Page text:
The effects of using different output measures in efficiency analysis of public transport operations
place - europe, economics - willingness to pay, planning - surveys, planning - methods, operations - performance
Public transport, Efficiency, Benchmarking, Cost function, Stochastic frontier analysis
There is growing interest in measuring efficiency and productivity in the public sector. Most commonly this is done using data envelopment analysis (DEA) or Stochastic frontier analysis (SFA) to determine the level of (in)efficiency of different decision-making units. These methods have also been applied to public transport. However, in this context their application presents some problems, including how to define what is produced and how that should be measured. Several options have been suggested including vehicle-kilometres, number of trips, number of passenger-kilometres, and scores in passenger satisfaction surveys.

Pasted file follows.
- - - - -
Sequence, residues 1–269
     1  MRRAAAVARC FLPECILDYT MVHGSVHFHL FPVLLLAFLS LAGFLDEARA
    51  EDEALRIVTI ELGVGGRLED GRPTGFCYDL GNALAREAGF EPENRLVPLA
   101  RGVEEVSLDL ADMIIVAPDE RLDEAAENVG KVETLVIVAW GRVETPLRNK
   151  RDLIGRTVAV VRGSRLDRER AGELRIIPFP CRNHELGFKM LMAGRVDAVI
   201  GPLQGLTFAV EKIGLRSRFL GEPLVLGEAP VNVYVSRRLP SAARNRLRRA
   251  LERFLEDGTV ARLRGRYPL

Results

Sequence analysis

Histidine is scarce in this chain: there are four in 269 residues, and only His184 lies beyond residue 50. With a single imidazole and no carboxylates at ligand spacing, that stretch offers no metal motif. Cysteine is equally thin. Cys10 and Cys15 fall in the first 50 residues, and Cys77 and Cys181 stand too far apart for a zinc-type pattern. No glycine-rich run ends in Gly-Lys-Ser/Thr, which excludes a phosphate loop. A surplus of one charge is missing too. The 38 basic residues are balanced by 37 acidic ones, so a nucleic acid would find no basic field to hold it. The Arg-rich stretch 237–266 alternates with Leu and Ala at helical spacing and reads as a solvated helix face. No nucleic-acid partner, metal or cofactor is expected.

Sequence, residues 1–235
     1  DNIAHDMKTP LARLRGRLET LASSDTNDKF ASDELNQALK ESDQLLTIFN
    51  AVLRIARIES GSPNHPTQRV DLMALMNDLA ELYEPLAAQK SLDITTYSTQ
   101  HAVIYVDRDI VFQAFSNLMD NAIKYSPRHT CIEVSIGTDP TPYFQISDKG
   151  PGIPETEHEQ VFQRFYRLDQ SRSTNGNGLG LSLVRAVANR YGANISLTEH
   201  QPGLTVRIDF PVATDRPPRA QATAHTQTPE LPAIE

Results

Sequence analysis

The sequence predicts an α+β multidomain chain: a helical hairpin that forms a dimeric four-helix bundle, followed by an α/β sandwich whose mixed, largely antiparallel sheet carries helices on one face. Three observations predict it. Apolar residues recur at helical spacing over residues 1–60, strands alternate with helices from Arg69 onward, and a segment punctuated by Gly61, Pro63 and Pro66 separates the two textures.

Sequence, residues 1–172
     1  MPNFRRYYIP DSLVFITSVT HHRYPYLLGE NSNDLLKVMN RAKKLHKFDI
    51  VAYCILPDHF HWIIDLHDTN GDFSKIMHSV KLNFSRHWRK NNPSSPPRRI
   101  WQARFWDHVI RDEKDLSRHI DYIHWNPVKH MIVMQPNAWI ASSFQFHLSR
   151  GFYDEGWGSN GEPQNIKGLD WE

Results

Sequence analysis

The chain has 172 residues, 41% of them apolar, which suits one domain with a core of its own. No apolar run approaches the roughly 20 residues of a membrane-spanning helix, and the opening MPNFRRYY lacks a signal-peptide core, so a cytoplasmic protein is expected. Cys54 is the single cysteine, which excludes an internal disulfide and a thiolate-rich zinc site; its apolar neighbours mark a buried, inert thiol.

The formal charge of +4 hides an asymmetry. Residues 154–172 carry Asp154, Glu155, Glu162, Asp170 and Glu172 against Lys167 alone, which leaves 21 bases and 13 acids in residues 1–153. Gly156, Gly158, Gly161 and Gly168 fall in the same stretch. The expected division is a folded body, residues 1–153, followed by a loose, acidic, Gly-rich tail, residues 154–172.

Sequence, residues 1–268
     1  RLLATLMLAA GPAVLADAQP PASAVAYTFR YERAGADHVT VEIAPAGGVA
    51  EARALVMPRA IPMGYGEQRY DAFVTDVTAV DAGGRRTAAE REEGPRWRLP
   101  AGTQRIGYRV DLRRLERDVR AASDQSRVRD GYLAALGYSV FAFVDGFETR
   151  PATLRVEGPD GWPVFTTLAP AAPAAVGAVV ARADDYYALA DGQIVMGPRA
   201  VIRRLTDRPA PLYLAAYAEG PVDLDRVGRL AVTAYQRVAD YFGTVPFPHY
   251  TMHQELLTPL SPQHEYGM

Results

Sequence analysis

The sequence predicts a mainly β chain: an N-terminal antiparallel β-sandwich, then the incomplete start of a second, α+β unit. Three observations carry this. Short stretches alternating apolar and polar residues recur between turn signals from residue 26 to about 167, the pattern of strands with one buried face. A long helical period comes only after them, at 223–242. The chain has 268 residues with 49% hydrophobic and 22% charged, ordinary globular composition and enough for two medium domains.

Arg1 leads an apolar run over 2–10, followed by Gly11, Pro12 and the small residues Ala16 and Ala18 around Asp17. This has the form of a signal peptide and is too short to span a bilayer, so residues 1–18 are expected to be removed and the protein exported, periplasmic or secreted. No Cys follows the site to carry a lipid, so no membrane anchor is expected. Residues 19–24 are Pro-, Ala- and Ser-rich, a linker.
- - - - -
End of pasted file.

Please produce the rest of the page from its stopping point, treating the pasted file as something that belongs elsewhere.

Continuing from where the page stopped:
The primary aim of this paper is to discuss how production of public transport should be defined and measured in efficiency studies. It is argued that output should be measured by number of trips and vehicle-kilometres as these together represent consumers' willingness to pay for public transport services.
A proposed model for evaluating the efficiency of public transport operations is presented and estimated. This model is evaluated by comparing its results to those obtained from competing models estimated using the same data from 27 Swedish counties from 1986 to 2015. The data are used to estimate stochastic cost frontier models and it is concluded that the models using only vehicle-kilometres or only passenger trips tend to underestimate efficiency compared to a model using both at the same time. It is also concluded that smaller models (using only a single output measure) result in different rankings of the decision-making units.
Permission to publish the abstract has been given by Elsevier, copyright remains with them.
Holmgren, J. (2018). The effects of using different output measures in efficiency analysis of public transport operations. Research in Transportation Business & Management, Available online 2 March 2018. In Press, Corrected Proof.